Chapter Nine is unfortunately less than twenty pages and deals with "Clojure in the Wild." You would think that a book in the series of Pragmatic Programmer would have more pragmatism than the features of a language with Lancet but let's face it--Clojure is a relatively young language. Nine covers automated tests, data access and web development. The automated testing is a short section on Clojure's test-is packaging. The database stuff appears to be little more than wrappers around the already mature JDBC. The web development consists of an intro to Compojure which is similar to and Sinatra. Compojure shows a lot of promise in reducing the amount of code one needs to write a basic web application. It lacks the feature set and support that Rails has with rapidly building CRUD applications but holds a lot of potential to be flushed out into something similarly powerful. Halloway says his introductions to these projects should "whet your appetite for the exciting world of Clojure development" but I think a more accurate description is that these brief brushes with functional projects leaves the reader ravenously blinded by hunger for more.

Some final thoughts on the book: I caught only two very minor typos in the book. It's all English and code. There were no pictures or illustrations in this book except for one on page 96 in which a tiny drawing appears named Joe who asks a question about vectors. Oddly enough, I didn't find Joe on any of the other three hundred pages. It was very easy to work through this book from cover to cover and the example code was very instrumental in my understanding of Clojure. As a Java monkey, rereading sections seemed a requirement although the book is concise enough for me to enjoy in my free time over one week. Halloway cites mostly websites and utilizes tinyurl to reference blogs like Steve Yegge's blog and frequently he references Wikipedia. Only three of his many citations are other printed books (although one of them is Gödel, Escher, Bach: An Eternal Golden Braid). Halloway's greatest strength is the engaging examples (like the Hofstadter Sequence) that he picks and provides to the user and I hope that future editions of the book build on this as well as expand on the growing base of Clojure projects out there. His github is rife with both instructive and pragmatic examples that could stand to be included in a future book.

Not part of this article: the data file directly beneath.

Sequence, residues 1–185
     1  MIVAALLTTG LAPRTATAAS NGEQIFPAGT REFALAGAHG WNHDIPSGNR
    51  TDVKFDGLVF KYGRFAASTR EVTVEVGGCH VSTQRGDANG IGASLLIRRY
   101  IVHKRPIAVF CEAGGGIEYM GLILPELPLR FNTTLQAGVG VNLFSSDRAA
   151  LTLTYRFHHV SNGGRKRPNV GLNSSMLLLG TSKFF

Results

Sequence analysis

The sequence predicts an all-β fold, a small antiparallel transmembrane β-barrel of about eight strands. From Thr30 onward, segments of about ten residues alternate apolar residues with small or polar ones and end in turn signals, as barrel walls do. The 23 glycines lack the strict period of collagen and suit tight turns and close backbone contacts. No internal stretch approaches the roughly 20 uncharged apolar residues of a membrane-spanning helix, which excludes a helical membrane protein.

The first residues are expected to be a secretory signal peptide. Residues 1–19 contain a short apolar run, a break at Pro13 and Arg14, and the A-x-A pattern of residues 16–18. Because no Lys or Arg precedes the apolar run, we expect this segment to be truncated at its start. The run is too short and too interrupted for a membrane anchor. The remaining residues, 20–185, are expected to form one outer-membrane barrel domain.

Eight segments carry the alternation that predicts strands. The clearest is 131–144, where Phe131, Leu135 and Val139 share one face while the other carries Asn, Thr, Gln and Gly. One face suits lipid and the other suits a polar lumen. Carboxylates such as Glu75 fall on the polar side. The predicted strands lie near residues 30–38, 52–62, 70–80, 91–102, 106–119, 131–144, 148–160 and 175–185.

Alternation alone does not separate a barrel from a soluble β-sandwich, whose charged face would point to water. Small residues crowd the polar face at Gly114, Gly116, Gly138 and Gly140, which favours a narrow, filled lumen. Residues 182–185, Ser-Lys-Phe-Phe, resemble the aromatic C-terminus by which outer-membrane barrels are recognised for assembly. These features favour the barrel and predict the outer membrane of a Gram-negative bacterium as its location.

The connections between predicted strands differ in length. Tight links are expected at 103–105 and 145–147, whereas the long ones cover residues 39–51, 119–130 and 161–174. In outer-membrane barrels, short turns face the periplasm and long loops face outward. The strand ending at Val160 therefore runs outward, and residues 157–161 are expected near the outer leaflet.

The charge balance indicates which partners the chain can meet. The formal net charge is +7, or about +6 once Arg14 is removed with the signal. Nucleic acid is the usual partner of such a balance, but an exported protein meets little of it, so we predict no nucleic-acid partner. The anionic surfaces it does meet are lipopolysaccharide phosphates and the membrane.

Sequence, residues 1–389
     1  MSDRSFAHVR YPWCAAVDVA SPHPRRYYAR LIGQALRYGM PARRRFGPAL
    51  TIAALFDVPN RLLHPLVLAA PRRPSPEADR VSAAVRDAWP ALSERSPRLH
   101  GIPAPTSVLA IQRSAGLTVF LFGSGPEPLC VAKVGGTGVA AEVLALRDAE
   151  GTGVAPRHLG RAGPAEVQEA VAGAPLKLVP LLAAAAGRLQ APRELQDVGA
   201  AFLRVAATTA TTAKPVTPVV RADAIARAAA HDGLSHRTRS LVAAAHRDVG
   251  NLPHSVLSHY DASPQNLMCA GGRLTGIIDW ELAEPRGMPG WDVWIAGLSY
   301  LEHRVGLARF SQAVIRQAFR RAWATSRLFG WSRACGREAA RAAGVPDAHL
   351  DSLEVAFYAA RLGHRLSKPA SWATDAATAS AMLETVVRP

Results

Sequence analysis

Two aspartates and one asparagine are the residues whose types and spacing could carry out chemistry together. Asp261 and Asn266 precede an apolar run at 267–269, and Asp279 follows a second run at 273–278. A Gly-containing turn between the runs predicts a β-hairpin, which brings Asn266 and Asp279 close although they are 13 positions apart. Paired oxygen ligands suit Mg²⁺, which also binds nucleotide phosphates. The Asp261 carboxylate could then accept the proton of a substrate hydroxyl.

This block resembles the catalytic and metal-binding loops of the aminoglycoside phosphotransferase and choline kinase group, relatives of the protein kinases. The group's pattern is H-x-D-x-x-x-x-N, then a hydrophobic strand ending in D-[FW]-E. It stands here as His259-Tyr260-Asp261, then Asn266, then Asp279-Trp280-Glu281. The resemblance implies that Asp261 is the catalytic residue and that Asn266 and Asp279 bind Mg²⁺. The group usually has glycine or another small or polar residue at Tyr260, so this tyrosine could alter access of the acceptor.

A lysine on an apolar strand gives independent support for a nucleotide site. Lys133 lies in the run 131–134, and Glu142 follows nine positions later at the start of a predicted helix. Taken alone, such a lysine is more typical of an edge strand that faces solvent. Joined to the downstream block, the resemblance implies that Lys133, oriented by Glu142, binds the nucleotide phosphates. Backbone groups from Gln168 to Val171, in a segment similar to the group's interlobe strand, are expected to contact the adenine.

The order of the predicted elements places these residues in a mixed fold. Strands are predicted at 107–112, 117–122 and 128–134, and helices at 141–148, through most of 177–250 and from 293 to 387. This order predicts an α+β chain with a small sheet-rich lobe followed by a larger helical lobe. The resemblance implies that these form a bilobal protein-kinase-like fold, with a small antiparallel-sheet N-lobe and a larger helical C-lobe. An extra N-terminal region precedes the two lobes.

Some final thoughts on the language: Clojure holds a lot of potential that is yet to be realized. I cannot say yet whether the succinct syntax offers a good balance between quick coding and readability. To the uninitiated, the code can look like a jumble of symbols. Yes, we escape the verbosity of Java and the kingdom of nouns but is what Clojure offers (a neighboring kingdom of verbs) better? While Clojure is concise, it requires a lot of keywords which required a lot of usage look up when starting. Clojure code is potent and powerful. A mere five thousand lines of Clojure code create your engine--the core of the language. I assume this brevity is due to ingenious reuse that Clojure can offer but I would hate to be the person to maintain that code if I was not the author. What's better is that this code is quickly conjured at the REPL if you wish to read it yourself or augment a feature. A sage coworker who has seen much more than I in this business of software development recommended Clojure to me. He was right that it is a very interesting and innovative language but in my opinion it has a long way to go before it becomes the next Ruby or Java. Clojure needs an equivalent to Ruby on Rails and it's fighting an uphill battle against all the developers like myself that left college with so much object oriented coding and so little functional programming (although Scheme is my alma mater's weed out course). If you find yourself stagnating and are thirsty for some continuing education in the form of a stimulating challenge, I recommend Clojure (and this book on Clojure). Hopefully Clojure's full potential is realized by the community and it finds its deserved place in many developer's tool sets as the right tool for some jobs.

You can find Programming Clojure on O'Reilly, Amazon or in three DRM-free formats and hard copy from the publisher's site. For a sample of the author's writing and to get a feel for how he injects Clojure code into it, check out his blogs on his company's website.